(Reuters) - U.S. prosecutors cracking down on deceptive mortgage bond trading practices on Thursday suffered dual losses as a federal appeals court overturned an ex-Jefferies Group[JGLL.UL] trader’s conviction and a jury acquitted a former Cantor Fitzgerald [CNTOR.UL] employee.
The 2nd U.S. Circuit Court of Appeals in New York overturned former Jefferies Group trader Jesse Litvak’s second criminal conviction for defrauding a customer about bond prices, saying jurors had wrongly been allowed to hear irrelevant evidence.
Shortly after the court ruling, a federal jury in Hartford, Connecticut, acquitted former Cantor Fitzgerald trader David Demos, 37, of charges that he lied to clients in connection with mortgage bond transactions he handled for them.
The developments marked the latest setback for federal prosecutors in Connecticut pursuing cases against traders accused of lying to customers about the prices of mortgage-backed securities they had bought and sold.
Jose Baez, Demos’ lawyer, contended prosecutors in the wake of the 2008 financial crisis overreached in seeking to prosecute the traders over what he called typical price haggling practices.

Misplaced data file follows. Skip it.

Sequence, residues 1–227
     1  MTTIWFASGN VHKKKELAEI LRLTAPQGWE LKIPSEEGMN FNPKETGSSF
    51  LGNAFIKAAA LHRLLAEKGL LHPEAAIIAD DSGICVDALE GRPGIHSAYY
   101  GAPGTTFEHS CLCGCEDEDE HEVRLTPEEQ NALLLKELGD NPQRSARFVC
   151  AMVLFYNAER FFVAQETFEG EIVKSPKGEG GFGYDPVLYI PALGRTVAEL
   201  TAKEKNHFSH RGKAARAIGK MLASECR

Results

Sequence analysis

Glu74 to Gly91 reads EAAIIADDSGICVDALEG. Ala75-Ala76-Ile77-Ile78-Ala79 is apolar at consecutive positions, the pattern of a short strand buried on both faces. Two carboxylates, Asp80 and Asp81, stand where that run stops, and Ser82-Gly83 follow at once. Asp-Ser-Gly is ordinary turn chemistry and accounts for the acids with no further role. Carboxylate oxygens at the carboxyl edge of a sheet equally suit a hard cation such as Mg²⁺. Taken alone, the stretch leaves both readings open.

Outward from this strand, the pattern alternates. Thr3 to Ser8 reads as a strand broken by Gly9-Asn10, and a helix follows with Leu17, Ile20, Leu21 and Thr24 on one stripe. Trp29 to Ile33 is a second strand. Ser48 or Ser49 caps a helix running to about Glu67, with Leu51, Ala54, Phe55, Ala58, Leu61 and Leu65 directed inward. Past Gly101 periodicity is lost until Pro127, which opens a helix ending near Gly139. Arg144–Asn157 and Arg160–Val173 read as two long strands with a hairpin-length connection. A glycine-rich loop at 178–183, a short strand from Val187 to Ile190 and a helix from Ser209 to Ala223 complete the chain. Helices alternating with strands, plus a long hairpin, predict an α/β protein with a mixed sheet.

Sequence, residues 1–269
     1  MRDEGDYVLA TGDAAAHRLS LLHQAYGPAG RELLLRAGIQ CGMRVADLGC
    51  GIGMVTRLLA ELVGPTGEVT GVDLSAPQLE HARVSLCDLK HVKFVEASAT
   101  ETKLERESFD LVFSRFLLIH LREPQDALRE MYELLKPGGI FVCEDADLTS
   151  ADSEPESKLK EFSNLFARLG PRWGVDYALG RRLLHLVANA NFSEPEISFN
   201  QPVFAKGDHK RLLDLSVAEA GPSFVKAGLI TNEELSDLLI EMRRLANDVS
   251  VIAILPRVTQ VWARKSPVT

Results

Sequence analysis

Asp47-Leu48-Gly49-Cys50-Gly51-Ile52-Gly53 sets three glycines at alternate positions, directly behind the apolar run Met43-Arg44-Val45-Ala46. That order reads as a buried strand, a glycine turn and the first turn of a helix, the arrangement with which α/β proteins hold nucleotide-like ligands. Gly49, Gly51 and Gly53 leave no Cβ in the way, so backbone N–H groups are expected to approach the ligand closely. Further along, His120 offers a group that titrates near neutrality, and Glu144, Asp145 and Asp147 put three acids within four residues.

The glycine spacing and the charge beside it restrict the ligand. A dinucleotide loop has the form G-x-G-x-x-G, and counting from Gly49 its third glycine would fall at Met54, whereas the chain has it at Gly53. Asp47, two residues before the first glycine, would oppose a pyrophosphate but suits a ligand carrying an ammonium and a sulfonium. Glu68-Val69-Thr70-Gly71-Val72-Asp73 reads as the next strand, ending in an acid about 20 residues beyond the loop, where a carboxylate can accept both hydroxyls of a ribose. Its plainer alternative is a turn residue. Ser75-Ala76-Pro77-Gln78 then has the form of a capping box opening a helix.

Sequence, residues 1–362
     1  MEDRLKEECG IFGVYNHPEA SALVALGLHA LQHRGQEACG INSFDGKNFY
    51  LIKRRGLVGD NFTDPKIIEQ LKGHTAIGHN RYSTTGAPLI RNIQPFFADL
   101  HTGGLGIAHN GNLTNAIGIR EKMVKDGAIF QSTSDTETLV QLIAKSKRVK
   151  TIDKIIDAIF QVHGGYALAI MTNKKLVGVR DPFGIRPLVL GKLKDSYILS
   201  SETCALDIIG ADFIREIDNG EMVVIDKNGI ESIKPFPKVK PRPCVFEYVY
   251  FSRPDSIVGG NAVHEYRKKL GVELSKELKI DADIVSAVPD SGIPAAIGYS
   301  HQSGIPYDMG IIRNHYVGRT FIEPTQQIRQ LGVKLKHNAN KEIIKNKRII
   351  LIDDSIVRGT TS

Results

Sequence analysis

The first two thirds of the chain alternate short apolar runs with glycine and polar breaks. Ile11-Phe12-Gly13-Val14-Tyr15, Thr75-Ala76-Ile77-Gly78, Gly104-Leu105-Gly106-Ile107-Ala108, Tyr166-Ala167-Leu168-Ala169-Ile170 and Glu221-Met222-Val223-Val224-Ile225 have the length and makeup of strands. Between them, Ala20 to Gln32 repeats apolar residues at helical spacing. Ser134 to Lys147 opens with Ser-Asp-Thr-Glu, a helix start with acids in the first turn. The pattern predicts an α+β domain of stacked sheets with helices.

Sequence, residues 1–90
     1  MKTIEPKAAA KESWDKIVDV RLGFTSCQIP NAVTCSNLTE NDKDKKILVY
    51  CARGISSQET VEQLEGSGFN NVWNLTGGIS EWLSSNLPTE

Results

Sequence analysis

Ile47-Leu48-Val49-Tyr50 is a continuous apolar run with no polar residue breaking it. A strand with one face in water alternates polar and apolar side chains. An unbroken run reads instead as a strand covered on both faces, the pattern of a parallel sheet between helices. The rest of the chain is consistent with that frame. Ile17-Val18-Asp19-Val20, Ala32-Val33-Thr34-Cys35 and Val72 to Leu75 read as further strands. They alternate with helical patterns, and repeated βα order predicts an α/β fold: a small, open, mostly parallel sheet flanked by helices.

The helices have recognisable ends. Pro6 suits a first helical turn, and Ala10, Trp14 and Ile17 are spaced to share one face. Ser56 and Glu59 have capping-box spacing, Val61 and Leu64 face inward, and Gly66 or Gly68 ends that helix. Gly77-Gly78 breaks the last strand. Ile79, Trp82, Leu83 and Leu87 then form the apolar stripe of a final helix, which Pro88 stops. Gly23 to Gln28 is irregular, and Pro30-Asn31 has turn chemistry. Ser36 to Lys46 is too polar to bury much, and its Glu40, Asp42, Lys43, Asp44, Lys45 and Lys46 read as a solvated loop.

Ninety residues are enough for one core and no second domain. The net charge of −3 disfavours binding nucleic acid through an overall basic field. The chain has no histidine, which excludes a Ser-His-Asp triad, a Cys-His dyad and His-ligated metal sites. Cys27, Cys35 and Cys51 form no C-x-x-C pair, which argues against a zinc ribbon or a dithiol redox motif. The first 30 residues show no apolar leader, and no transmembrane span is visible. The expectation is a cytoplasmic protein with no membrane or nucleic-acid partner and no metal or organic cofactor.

“This wasn’t a crime,” he said.
The 2nd Circuit previously overturned Litvak’s initial 2014 conviction, prompting a retrial. Jurors convicted Litvak, 43, in 2017 on one of the 10 securities fraud counts he faced, and he was sentenced to two years in prison.
The latest ruling left open the possibility of prosecutors trying Litvak for a third time. Tom Carson, Connecticut U.S. Attorney John Durham’s spokesman, said prosecutors were reviewing the decision.
Litvak’s lawyer had no comment.
Since 2013, federal prosecutors have announced criminal charges against eight traders accused of cheating customers on prices of mortgage-backed securities following the financial crisis.
Prosecutors accused Litvak of lying to customers about bond prices from 2009 to 2011, hoping to boost his own pay while generating $2.25 million of illegal profit for Jefferies.
The single count on which he was convicted concerned a bond transaction with Invesco Ltd. In Thursday’s ruling, the 2nd Circuit said a lower-court judge improperly allowed jurors to hear testimony that an Invesco employee believed Litvak was acting on the employee’s behalf.
That belief was incorrect, and therefore irrelevant, but could have confused the jury or turned it against Litvak, U.S. Circuit Judge Ralph Winter wrote for the three-judge panel.
Jefferies, a unit of Leucadia National Corp, in 2014 agreed to pay $25 million to resolve U.S. criminal and civil probes into how it supervised Litvak and other traders.
Reporting by Brendan Pierson and Nate Raymond; Editing by Dan Grebler and Richard Chang